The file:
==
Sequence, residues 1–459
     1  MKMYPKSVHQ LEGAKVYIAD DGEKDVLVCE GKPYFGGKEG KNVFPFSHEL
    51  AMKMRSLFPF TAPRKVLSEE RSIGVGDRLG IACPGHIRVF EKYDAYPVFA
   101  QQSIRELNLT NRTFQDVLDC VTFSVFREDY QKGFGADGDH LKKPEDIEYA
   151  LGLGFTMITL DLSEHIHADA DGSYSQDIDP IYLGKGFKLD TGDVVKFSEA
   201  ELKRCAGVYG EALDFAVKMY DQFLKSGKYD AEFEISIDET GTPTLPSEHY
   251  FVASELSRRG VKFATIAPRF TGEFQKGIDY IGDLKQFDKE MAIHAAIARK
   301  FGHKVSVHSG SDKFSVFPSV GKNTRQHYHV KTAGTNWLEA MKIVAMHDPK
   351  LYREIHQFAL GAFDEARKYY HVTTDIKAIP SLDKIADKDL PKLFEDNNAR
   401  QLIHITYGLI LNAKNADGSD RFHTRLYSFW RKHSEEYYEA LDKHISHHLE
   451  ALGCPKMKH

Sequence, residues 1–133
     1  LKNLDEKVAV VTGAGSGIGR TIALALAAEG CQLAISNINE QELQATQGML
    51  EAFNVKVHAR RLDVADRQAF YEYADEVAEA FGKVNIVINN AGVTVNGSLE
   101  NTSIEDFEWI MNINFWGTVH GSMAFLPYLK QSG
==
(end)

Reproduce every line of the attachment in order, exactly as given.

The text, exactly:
Sequence, residues 1–459
     1  MKMYPKSVHQ LEGAKVYIAD DGEKDVLVCE GKPYFGGKEG KNVFPFSHEL
    51  AMKMRSLFPF TAPRKVLSEE RSIGVGDRLG IACPGHIRVF EKYDAYPVFA
   101  QQSIRELNLT NRTFQDVLDC VTFSVFREDY QKGFGADGDH LKKPEDIEYA
   151  LGLGFTMITL DLSEHIHADA DGSYSQDIDP IYLGKGFKLD TGDVVKFSEA
   201  ELKRCAGVYG EALDFAVKMY DQFLKSGKYD AEFEISIDET GTPTLPSEHY
   251  FVASELSRRG VKFATIAPRF TGEFQKGIDY IGDLKQFDKE MAIHAAIARK
   301  FGHKVSVHSG SDKFSVFPSV GKNTRQHYHV KTAGTNWLEA MKIVAMHDPK
   351  LYREIHQFAL GAFDEARKYY HVTTDIKAIP SLDKIADKDL PKLFEDNNAR
   401  QLIHITYGLI LNAKNADGSD RFHTRLYSFW RKHSEEYYEA LDKHISHHLE
   451  ALGCPKMKH

Sequence, residues 1–133
     1  LKNLDEKVAV VTGAGSGIGR TIALALAAEG CQLAISNINE QELQATQGML
    51  EAFNVKVHAR RLDVADRQAF YEYADEVAEA FGKVNIVINN AGVTVNGSLE
   101  NTSIEDFEWI MNINFWGTVH GSMAFLPYLK QSG